Jesus’ prophetic statement of bringing other sheep into the fold can be viewed as John’s commissioning for the early church—a command to welcome and receive others into the life and ministry of the Christian church. Jesus understands there are others outside of the current sheep pen who know his voice despite their ethnicity, class, or faith traditions. We get a sense from this passage that his ministry would not be fulfilled until those other sheep rally to his voice. He alone has the authority, through his Father, to lay down his life for all his sheep and to take it up again when needed. His authority and power come from his foresight about his resurrection promise.
For Jesus, those other sheep may very well have represented the Gentiles throughout his itinerant ministry, but today Christian churches are challenged to ask where the other sheep are outside their walls. I would imagine most congregations take their evangelism and outreach efforts seriously. But are we hoping for more of the same—people with similar vocations, backgrounds, economic status, and so on? Or are we welcoming differences and seeking the stranger? Will our sheep pens be places of inclusion (celebrating diversity) or places of division (reinforcing homogeneity)?
As we discern how to welcome others into the Christian fold, let us be cognizant of the times we were left out of the group due to circumstances out of our control. Maybe we were the new kid at school, the transplanted coworker, or the new family in the neighborhood. Whatever the situation, we were outside looking in, at least in the beginning. Most likely it took the initiative from someone in the group to welcome us in a new place that we would eventually call home.
Loving God, challenge me to welcome the stranger in my midst, so that no one will be left behind or left out. Amen.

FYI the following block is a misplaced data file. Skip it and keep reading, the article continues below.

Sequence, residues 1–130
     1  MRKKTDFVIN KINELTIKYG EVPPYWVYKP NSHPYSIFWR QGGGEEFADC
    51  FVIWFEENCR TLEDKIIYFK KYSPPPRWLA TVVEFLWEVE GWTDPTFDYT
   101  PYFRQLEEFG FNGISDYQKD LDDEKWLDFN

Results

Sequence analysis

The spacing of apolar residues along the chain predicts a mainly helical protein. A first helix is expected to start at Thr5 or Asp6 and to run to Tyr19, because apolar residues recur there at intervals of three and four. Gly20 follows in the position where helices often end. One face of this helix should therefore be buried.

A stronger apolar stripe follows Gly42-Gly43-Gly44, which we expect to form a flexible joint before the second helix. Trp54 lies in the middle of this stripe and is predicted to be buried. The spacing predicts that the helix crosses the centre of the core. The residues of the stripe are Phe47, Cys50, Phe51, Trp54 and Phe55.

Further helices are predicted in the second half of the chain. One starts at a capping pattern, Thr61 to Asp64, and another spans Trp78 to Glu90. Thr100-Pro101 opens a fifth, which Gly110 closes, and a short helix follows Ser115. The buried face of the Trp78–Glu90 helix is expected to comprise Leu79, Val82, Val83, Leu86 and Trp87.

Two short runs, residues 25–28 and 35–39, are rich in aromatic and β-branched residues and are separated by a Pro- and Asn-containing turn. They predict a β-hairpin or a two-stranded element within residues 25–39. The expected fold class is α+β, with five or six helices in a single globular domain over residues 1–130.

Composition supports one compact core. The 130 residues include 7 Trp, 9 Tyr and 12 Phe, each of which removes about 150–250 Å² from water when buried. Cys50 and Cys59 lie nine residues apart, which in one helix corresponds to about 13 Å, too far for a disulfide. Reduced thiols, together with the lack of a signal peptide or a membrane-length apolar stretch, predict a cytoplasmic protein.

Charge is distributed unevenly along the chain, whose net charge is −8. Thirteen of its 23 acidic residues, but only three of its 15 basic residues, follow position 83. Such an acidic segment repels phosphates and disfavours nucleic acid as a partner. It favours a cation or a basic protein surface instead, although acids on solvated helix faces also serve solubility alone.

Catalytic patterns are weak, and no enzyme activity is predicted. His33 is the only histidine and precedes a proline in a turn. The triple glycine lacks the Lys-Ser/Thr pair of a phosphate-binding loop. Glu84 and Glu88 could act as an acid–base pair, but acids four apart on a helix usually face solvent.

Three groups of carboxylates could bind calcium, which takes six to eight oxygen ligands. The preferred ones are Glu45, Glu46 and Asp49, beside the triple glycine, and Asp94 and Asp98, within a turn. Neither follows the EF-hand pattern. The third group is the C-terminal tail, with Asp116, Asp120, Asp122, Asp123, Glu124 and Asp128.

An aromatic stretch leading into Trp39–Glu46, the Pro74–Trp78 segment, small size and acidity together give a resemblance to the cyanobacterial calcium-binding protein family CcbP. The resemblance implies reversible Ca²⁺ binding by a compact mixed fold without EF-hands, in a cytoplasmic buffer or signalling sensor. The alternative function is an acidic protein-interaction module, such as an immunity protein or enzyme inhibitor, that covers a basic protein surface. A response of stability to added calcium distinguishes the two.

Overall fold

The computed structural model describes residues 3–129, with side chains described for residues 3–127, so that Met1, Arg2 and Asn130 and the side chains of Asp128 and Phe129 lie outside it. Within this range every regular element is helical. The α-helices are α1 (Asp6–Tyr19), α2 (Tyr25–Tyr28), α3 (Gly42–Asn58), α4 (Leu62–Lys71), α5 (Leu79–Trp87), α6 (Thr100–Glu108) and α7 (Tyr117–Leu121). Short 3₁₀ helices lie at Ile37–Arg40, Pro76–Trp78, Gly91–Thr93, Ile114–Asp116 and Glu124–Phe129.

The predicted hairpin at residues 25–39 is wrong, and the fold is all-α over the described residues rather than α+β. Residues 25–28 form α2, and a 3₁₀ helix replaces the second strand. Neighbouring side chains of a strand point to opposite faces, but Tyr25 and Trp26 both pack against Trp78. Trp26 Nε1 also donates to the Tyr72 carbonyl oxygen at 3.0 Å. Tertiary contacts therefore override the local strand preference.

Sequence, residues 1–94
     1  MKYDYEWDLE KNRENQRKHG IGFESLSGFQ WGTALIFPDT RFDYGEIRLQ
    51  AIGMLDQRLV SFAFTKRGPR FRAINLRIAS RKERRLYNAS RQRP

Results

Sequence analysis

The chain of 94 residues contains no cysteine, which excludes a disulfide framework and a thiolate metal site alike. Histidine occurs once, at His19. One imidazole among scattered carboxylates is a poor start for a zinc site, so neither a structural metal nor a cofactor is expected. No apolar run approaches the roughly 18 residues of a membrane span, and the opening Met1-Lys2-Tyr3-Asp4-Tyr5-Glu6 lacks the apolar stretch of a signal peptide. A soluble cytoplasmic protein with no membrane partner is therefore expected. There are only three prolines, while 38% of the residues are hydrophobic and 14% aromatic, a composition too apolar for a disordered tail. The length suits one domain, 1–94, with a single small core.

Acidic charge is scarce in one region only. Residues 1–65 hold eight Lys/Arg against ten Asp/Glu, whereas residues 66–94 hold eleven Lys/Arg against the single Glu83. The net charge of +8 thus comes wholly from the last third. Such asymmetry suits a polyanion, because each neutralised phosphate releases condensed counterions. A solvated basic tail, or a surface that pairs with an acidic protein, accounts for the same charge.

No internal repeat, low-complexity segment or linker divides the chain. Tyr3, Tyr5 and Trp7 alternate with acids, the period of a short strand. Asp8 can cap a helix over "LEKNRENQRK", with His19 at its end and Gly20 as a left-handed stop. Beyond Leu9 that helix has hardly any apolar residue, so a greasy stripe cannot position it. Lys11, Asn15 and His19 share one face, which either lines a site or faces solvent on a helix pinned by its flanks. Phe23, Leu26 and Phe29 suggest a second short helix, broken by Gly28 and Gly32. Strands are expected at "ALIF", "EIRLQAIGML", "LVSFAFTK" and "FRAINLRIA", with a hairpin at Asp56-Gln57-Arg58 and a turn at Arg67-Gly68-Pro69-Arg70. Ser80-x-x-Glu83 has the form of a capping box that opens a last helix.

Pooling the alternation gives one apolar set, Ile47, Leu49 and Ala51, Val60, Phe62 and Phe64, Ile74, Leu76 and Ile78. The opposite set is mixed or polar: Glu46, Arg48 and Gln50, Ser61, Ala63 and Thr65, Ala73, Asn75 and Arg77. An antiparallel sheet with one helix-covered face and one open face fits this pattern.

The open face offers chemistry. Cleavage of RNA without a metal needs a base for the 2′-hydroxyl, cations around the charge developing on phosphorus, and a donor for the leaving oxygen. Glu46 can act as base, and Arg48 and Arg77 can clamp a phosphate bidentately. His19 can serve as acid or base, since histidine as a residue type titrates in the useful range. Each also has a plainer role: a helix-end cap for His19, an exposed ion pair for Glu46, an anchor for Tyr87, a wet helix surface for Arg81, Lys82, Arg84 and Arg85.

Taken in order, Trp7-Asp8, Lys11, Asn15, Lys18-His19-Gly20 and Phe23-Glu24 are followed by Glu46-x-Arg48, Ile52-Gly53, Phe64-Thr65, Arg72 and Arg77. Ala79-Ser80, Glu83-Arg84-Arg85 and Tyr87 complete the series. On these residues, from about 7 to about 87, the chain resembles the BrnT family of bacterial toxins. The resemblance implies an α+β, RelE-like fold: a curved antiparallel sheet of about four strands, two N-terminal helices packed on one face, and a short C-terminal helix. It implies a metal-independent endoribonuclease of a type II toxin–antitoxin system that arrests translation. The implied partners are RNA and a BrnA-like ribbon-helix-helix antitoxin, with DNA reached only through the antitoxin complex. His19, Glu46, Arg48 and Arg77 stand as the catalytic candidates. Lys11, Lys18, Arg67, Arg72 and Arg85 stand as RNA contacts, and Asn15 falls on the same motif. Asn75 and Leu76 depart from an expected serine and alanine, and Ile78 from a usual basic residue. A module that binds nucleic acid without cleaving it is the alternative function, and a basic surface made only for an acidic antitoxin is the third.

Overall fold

This week’s readings open with a confrontation in Acts between Peter and John and some of the religious leaders. Peter speaks in harsh terms to the leaders, stating that they had killed Jesus; yet by the power of Jesus’ name, a man who could not walk has been healed. By that same name spiritual healing happens as well. The other three passages employ the metaphor of the Good Shepherd. “The Lord is my shepherd,” the psalmist declares, and the shepherd cares for all our needs. In John’s Gospel, Jesus declares that he is the Good Shepherd who lays down his life for his sheep. First John repeats this imagery. Jesus proved his love when he lay down his life for us. If we truly love one another, we also ought to sacrifice in tangible ways
Read Acts 4:5-12. When have you gotten into difficulty for exercising your Christian faith and values? If never, why not?
Read Psalm 23. What is your first memory of hearing or reading this psalm? Has it had a significant role in your life of faith? If so, what has its role been?
Read 1 John 3:16-24. How do your actions reflect your love for God and for your fellow children of God?
Read John 10:11-18. What “wolves” have you faced in your life? How have you experienced the presence of the Good Shepherd with you as you faced these threats?
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